Cari Rohrmayer loves her career, but working in a male-dominated field hasn’t always been easy for her.
“I have faced a handful of people who would discriminate against me not just for being a woman but for being a young woman in the construction field,” said Rohrmayer.
And Rohrmayer isn’t alone. Recent data from the Indiana Institute for Working Families shows that Indiana has the third highest gender wage gap in the country. Women reportedly make 73 cents for every dollar men make.
“It really needs to be fixed because it’s not the 1950s anymore, and everyone is supporting something or their family, and I’d really like to see this change,” said Claudine Hann, co-owner of Fifi’s Lunchbox.
Hann and Fifi’s other co-owner Jacqueline Ruff say confidence goes a long way for women in any workforce.
“You really have to prove yourself as a female before anyone will totally take you serious, and that’s one thing we come right off the bat as confident, and in your face kinda thing, and know our direction that we’re gonna go,” said Hann.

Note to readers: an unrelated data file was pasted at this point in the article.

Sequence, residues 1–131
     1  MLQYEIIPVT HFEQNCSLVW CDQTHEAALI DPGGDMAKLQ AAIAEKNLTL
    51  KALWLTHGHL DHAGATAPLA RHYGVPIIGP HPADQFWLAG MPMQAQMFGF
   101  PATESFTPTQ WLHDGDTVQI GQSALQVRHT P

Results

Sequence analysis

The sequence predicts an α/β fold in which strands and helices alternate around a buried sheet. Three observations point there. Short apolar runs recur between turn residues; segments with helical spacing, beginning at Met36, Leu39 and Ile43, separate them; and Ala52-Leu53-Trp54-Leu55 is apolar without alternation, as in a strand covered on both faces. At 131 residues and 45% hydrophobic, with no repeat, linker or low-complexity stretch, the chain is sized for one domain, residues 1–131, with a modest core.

Rohrmayer says creating a mutually beneficial relationship with her male counterparts, based on differing talents, has helped her.
“I ask for their respect in my aesthetics and I look to them for how to construct things,” said Rohrmayer.
Bernice Helman says women should welcome any opportunity to take a seat at the table to show their dedication to equality.
“As women we need to know what our value is, I think we need to be able to articulate that value, and just make sure that you are the piece of the equation that is irreplaceable,” said Helman.
Hann and Ruff make sure to lead by example in their workplace.
“We hire people that are qualified, whether they’re male or female and we absolutely love the female leadership that we have here,” Ruff said.
Above all, these women all stress the importance of never giving up and following your passions.
“It won’t always be easy but it will be worth it if you’re doing what you love to do,” said Rohrmayer.
And while the statistics may not look encouraging, Helman says the horizon looks brighter because of awareness and activism.
“We have to not let it be acceptable, and hold employers accountable, but we have made great progress, and I think it’s important that we don’t lose sight of that.” said Helman.
Rohrmayer says just seeing reports with this kind of data being published and circulated within communities makes her hopeful, as having conversations about issues like equal pay is what will help to reach a solution.